“You may fly into a strip in the morning and there’ll be fresh snow and it will be cold and fast,” Roderick says. “Then the sun will work on it and by afternoon it will be heavy and sticky, almost like sandpaper.” Throw in a light snowfall or gusting winds and it gets challenging, he says.
Roderick has been mountain flying for 20 years. A native of Connecticut, he learned to fly at Embry-Riddle University in Prescott, Arizona, then moved to Alaska and got a job at the company he now owns. Back then, mountain operators only flew Cessna 185s. “It’s an efficient plane and it’s fast,” Roderick says of the ubiquitous six-seat, single-engine taildragger. While larger airplanes such as the de Havilland Beaver and Otter were doing bush work, glacier pilots thought those airplanes were too heavy and would get stuck in the snow. Also, the Pratt & Whitney radial engines on the Beaver and Otter needed babying. “You couldn’t jockey the throttle around,” Roderick says. “You could blow a jug [crack a cylinder] if you weren’t careful by shock-cooling the engine”—descending too quickly, which forces cold air over the hot metal.
All that changed with the Turbine Otter. Replacing the 600-hp piston radials with a 1,000-hp turbine made the airplane faster and more efficient. “With the turbines, you can be at 12,000 feet and just pull the throttle back and drop down 2,000 feet a minute into a glacial bowl and land,” Roderick says. “They have so much power with the turbine that they can just power their way through deep snow.” With room for 10 passengers and a 3,400-pound payload, what used to take two or three trips in a Cessna 185 can now be done with one in the Otter.
Nearly everything about glacier flying seems counter to conventional flying. In a lot of cases, you’re flying on final approach below your touchdown point. “You’re basically flying up the slope of the peak, trying to match the incline of the mountain,” Roderick says. “The thing about flying glaciers is things are always changing. There are a hundred types of snow. The weather, the winds, the light—it’s always changing. No two landings are the same.” Because of the possibility of weather closing in or of mechanical problems, every airplane carries food, sleeping bags, and survival equipment. “Inevitably,” Roderick says, “one of us gets stuck overnight on the mountain each season.”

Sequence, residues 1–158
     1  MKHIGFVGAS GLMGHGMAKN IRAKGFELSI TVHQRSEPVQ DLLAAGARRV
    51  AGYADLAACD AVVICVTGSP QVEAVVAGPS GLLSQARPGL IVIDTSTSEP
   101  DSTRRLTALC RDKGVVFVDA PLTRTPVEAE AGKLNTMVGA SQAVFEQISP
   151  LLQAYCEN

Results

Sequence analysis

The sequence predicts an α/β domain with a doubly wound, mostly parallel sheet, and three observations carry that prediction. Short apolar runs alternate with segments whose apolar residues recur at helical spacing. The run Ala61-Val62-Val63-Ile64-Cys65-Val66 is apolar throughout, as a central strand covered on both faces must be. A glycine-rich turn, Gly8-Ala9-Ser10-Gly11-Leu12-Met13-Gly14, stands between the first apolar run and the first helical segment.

You don’t need a heavy-duty airplane for bush flying, says Karl Finatzer. Whatever you fly, “you just have to know how to fly it professionally.” To prove it, the founder of SkyAfrica uses a fleet of single-engine Cessnas (150, 172, and 182 variants) and a Piper Cherokee 235 for “flying safaris” that land and take off from unimproved strips all over the continent. Other than their distinctive, brightly colored paint jobs (“We got tired of white and lines,” Finatzer jokes), the airplanes are the same ubiquitous models that many pilots learned in or flew sometime in their career.
Which is exactly the point.
SkyAfrica invites pilots to travel to the company’s base, near Johannesburg, South Africa, rent its aircraft, and, after a short certification course plus some instruction on bush flying, take off into the wild, either in a group with a pilot-guide or on their own. The company plans the itinerary and arranges fuel, accommodations, border-crossing permits, ground transportation, and side trips. The flights offer a unique way to see and experience some of the most beautiful landscapes on Earth: deserts, jungles, mountains, river deltas, savannahs. “To see everything that we can show you in two weeks would take months by jeep or car,” Finatzer says. And all of it accessed from remote backcountry strips: grass, dirt, uphill, downhill.
Pilots landing on the 3,200-foot dirt strip at the Kunkuru game lodge in South Africa might find obstacles (hitting an anthill is like hitting a concrete post) and wildlife. Elephants aren’t a problem, Finatzer says. But a giraffe is fearless. You can buzz five feet over its head and it still won’t move. Most of the time, you’ll end up having to fly to another strip.
SkyAfrica has organized adventures from South Africa to Kenya, a distance of nearly 2,000 miles. But it is more than simply an air tourism company. It flies in supplies, flies out the sick, does surveying, and offers flying lessons—“a little bit of everything,” Finatzer says. But the flying safaris are closest to his heart. “When I started the business in 1981, it was just a way to pay for my flying addiction,” he says. Thirty years later, “it’s pretty much the same thing.”